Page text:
The TSP Pot is Growing Fast: Will Congress Resist the Political Opportunities?

Would you prefer to have your TSP money only being invested in “socially responsible” companies as defined by Congress or the TSP?

The Thrift Savings Plan (TSP) is the key to a successful retirement for millions of federal employees. Those in the CSRS are not as reliant to the TSP but having the money in a fund that has been building up tax free for a number of years can easily add up to hundreds of thousands of dollars. Anyone who does not have plans for using that money in some way during retirement has probably not been doing any planning.

One characteristic of the TSP is that it has been relatively free from political influence. The TSP invests in stock indices on behalf of investors. The TSP site outlines which index is used for each fund and investors can choose the funds they think will give them the best results for their retirement.

Should the money in the TSP be free from political influence?

The pot of money in the TSP funds is now about $219 billion and, with the long-running bull market, the total is going up fast. In short, the pot is huge and it is only going to get bigger. Baby boomers are dumping money into the TSP preparing for their retirement; federal employees are talking about their TSP balances with each other and comparing notes; and web sites are springing up over the internet telling employees how to manage their TSP money effectively.

With that much money at stake, a person who follows politics in America could predict that Congress would begin looking at that pot of money and seeing many possibilities. Some in Congress just want to get re-elected; some want to help others; some want to satisfy the political action committees who have the “good sense” to donate lots of money to help a Congressman get re-elected.

We have already seen a large amount of money flowing into the coffers of some Congressmen from some in the real estate industry who think it would be a good idea to have federal employees investing in real estate investment trusts (REITS). Perhaps it is a good idea and many readers think they would like this option. What about investing in gas and oil wells? How about putting your retirement money into assets that have gold as the underlying source of support? What about investing in emerging economies in the third world? No doubt, money is already flowing into the re-election campaign funds from industries that see that $219 billion just sitting in index funds when it could be flowing into the assets (and management fees) of other investment funds represented by those sending money to our elected representives.

And there is another possibility of helping out others less fortunate than ourselves with all of that money sitting in the TSP funds. Perhaps, as suggested by a few Congressmen such as Barbara Lee (D-CA), Congress should start telling the TSP folks which companies are acceptable to invest in and which companies are not acceptable.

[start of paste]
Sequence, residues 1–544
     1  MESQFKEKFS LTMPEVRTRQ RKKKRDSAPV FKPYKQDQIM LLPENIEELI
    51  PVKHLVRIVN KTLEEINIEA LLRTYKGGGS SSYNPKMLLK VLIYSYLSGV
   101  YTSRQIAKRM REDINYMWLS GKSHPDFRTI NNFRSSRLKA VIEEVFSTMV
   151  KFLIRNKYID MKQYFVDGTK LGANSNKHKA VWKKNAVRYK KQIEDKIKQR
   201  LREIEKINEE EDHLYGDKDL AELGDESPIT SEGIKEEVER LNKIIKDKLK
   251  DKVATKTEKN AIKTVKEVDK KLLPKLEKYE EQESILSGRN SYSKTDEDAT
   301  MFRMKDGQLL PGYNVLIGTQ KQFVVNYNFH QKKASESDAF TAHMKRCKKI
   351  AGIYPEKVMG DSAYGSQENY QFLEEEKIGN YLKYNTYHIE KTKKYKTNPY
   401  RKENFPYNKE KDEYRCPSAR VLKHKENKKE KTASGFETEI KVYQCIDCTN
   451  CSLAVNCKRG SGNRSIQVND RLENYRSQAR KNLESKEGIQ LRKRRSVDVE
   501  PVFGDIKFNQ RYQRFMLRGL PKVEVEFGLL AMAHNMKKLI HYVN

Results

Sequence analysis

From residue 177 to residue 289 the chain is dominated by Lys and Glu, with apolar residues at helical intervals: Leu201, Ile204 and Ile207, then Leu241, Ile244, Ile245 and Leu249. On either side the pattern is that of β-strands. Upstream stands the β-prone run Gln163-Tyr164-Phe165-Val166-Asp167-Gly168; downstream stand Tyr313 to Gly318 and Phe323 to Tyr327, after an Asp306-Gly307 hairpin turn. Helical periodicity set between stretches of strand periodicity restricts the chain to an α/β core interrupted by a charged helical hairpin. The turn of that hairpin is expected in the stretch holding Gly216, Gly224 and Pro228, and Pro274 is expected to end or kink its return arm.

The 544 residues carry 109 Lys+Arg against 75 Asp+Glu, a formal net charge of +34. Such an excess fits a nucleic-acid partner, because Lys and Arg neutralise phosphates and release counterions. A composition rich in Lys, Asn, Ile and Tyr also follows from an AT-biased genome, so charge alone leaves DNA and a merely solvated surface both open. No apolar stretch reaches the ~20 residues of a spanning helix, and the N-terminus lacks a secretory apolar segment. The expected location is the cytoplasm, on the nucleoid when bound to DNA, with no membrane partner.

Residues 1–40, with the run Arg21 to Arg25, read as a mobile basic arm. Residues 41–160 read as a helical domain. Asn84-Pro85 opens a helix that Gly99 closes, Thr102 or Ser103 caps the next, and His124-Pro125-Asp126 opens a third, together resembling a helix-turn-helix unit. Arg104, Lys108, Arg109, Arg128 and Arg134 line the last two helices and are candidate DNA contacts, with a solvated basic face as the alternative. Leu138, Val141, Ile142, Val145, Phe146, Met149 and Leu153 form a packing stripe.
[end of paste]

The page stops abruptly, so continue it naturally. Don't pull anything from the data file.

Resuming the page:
That argument has some appeal. Who among us would not want to help the beseiged people of Darfur? The new bill in Congress bill would require congressional auditors to investigate the extent of TSP investments in companies that have directly or indirectly had a business relationship with those committing genocide in Darfur and send a report for Congress listing these companies.

No doubt, there is probably a long laundry list of socially responsible things that Congress could list that would help the world. Perhaps GAO should compile a list of companies that are contributing to global warming and eliminate them from the TSP. Numerous countries have been charged with human rights abuses of one kind or another and some American companies and some in the TSP’s I fund have undoubtedly had a business relationshp with governments in those countries. Perhaps Congress should eliminate TSP investments in those countries as well.

There is also a very long list of companies that have helped propel activities that many readers would find objectionable. Numerous companies probably have a business relationship with abortion clinics by selling the clinics drugs and medical supplies. Depending on election results, Congress could help advance this or other political causes by listing companies that the TSP should not invest in because they have participated in some way.

Would “socially responsible” investing improve the performance of the Thrift Savings Plan? Would you, as a TSP investor, prefer to have your TSP investments only being used to invest in companies that are “socially responsible” as defined by Congress or the TSP?

Check out the poll results.

About the Author

Ralph Smith has several decades of experience working with federal human resources issues. He has written extensively on a full range of human resources topics in books and newsletters and is a co-founder of two companies and several newsletters on federal human resources. Follow Ralph on Twitter: @RalphSmith47